Saturday, November 22, 2008

The Winds of Change

I've been away for a few days licking my wounds. No, I didn't crack up the Fiberglas Flyer (my Corvette) but it's almost as bad. Read on to hear my tale of woe.

Wednesday afternoon three people on my team at work were called into the manager's office (individually, of course) and told we were being laid off due to the economic situation. I don't see how that's going to help my economic situation. At sixty years of age, it becomes a long process finding a new job. But regardless, it was decided. It's water under the bridge. So let it be written. So let it be done. So saith Pharoah.

So that's one change. Although it's a fairly major change in my personal life, it's actually minor compared to the change that occurred forty-five years ago. What I'm referring to is the incident that occurred on this infamous date back in 1963.

If you're a Boomer, you know exactly what I'm speaking of. President John Fitzgerald Kennedy was assinated around noon in Dallas, Texas. And, if you're a Boomer, you can probably recall exactly where you were and what you were doing and the exact words you heard at that moment.

I was in Mr. Frazier's Algebra I class. We were on the stairs, coming back from lunch, and heading back to the classroom when I heard another teacher tell Mr. Frazier what had happened. Shortly after that, back in the classroom, an announcement came over the intercom telling us what had occurred in Dallas. The next few days were spent in front of the television (a black and white American-made Zenith console) listening to the news, watching the funeral, and seeing Jack Ruby shoot Lee Harvey Oswald on live television.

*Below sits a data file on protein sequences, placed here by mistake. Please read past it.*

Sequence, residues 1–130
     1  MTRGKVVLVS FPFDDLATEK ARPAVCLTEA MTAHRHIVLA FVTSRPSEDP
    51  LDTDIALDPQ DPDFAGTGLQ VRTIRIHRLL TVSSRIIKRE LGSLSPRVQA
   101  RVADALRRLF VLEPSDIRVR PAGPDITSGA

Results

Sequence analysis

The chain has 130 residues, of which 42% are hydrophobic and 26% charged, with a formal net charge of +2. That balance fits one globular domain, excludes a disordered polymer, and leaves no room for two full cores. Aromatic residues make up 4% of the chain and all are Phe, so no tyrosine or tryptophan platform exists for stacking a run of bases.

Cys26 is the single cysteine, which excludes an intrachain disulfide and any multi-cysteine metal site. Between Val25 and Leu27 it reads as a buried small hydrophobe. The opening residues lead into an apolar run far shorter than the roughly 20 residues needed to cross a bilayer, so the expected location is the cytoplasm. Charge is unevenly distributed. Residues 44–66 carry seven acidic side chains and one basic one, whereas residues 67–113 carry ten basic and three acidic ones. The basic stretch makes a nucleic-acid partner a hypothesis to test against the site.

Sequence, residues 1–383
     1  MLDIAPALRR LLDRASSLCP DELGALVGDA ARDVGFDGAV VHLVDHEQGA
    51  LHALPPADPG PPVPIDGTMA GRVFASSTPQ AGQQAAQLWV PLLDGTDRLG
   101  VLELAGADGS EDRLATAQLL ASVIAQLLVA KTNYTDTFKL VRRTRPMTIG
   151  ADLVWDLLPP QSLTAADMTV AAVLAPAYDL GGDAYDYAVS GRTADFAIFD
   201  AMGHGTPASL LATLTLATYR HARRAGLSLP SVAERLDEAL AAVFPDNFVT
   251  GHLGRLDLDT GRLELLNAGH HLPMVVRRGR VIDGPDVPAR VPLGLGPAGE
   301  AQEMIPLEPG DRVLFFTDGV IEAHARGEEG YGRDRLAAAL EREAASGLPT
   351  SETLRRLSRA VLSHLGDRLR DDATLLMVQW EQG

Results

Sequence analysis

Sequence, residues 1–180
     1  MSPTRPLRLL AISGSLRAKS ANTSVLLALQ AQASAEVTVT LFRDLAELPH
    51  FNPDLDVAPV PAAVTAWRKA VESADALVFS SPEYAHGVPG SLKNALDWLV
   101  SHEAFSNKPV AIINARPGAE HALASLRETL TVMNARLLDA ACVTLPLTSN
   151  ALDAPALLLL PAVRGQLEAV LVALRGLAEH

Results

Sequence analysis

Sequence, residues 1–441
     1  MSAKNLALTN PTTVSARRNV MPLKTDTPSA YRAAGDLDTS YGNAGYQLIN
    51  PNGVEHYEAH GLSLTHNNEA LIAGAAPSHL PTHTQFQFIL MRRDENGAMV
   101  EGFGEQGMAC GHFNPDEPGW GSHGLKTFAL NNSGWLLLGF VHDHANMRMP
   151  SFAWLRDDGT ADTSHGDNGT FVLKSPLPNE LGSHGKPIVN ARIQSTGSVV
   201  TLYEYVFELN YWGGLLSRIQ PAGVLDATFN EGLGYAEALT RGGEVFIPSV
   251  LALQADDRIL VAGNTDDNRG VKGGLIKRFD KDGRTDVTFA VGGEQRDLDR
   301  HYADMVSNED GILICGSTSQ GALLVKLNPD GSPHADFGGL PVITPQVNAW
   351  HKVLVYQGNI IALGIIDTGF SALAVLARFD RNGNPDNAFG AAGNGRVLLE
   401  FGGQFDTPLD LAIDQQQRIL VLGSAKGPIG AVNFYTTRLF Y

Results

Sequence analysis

I'm certain the readers of this electronic rag could tell their own stories of those memories. I would love to read them if you would like to leave a comment.


Douglas said...

My story is similar to yours. I've pasted it from the blog post I wrote on my blog ( on November 22...

It happened 45 years ago today. If you're above a certain age, you almost certainly remember that dark day in Dallas, Texas, when President John F. Kennedy was killed. It all began when a soap opera was interrupted with a news bulletin that he had been shot.

I was playing soccer with my 8th-grade classmates when someone came running out of the school with the news. We all went back into the school and listened as the radio reports were broadcast over the intercom system and our teacher wiped away her tears.

After his death was confirmed, we were all sent home a couple of hours early. Later, I had to fold 80 newspapers with each one blaring ASSASSIN KILLS KENNEDY, a headline that was printed, for the first time in the paper's history, in bright red type.

As I made my rounds on my bicycle, delivering the devastating news to my neighbors, I felt dazed by the day's events, like I was in some kind of surreal dream. It was a day much like 9/11, in the sense that you knew the world would never be the same again.

By the way, Michael, I really enjoy your blog. I've added you to my blog roll of favorite nostalgia sites!

anny cook said...

Cool blog. That was my 14th birthday. I was in study-hall. Some girls behind me were singing Happy Birthday. Then the Vice-Principal came in made the announcement. One of those girls blurted out, "It's your fault. If it wasn't your birthday this wouldn't have happened."

Now, I KNOW it wasn't my fault. But at 14 these things really hurt. I remember they sent us home early from school. It certainly changed our world in an instant.